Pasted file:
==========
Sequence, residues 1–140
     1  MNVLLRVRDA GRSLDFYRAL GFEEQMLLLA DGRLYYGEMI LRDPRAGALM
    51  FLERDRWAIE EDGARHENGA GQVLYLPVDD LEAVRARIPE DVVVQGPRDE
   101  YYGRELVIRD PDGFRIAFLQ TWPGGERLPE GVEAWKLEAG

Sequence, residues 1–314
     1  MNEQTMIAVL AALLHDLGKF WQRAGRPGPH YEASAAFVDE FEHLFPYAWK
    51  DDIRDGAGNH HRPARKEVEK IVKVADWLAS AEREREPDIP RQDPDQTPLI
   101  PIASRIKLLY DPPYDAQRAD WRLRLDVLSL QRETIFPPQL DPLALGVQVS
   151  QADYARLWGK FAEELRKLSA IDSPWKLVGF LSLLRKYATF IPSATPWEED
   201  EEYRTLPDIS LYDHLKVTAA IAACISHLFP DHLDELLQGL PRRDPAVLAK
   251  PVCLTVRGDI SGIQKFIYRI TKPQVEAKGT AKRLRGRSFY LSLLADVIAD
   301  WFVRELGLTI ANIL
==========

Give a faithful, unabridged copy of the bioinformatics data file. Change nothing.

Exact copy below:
Sequence, residues 1–140
     1  MNVLLRVRDA GRSLDFYRAL GFEEQMLLLA DGRLYYGEMI LRDPRAGALM
    51  FLERDRWAIE EDGARHENGA GQVLYLPVDD LEAVRARIPE DVVVQGPRDE
   101  YYGRELVIRD PDGFRIAFLQ TWPGGERLPE GVEAWKLEAG

Sequence, residues 1–314
     1  MNEQTMIAVL AALLHDLGKF WQRAGRPGPH YEASAAFVDE FEHLFPYAWK
    51  DDIRDGAGNH HRPARKEVEK IVKVADWLAS AEREREPDIP RQDPDQTPLI
   101  PIASRIKLLY DPPYDAQRAD WRLRLDVLSL QRETIFPPQL DPLALGVQVS
   151  QADYARLWGK FAEELRKLSA IDSPWKLVGF LSLLRKYATF IPSATPWEED
   201  EEYRTLPDIS LYDHLKVTAA IAACISHLFP DHLDELLQGL PRRDPAVLAK
   251  PVCLTVRGDI SGIQKFIYRI TKPQVEAKGT AKRLRGRSFY LSLLADVIAD
   301  WFVRELGLTI ANIL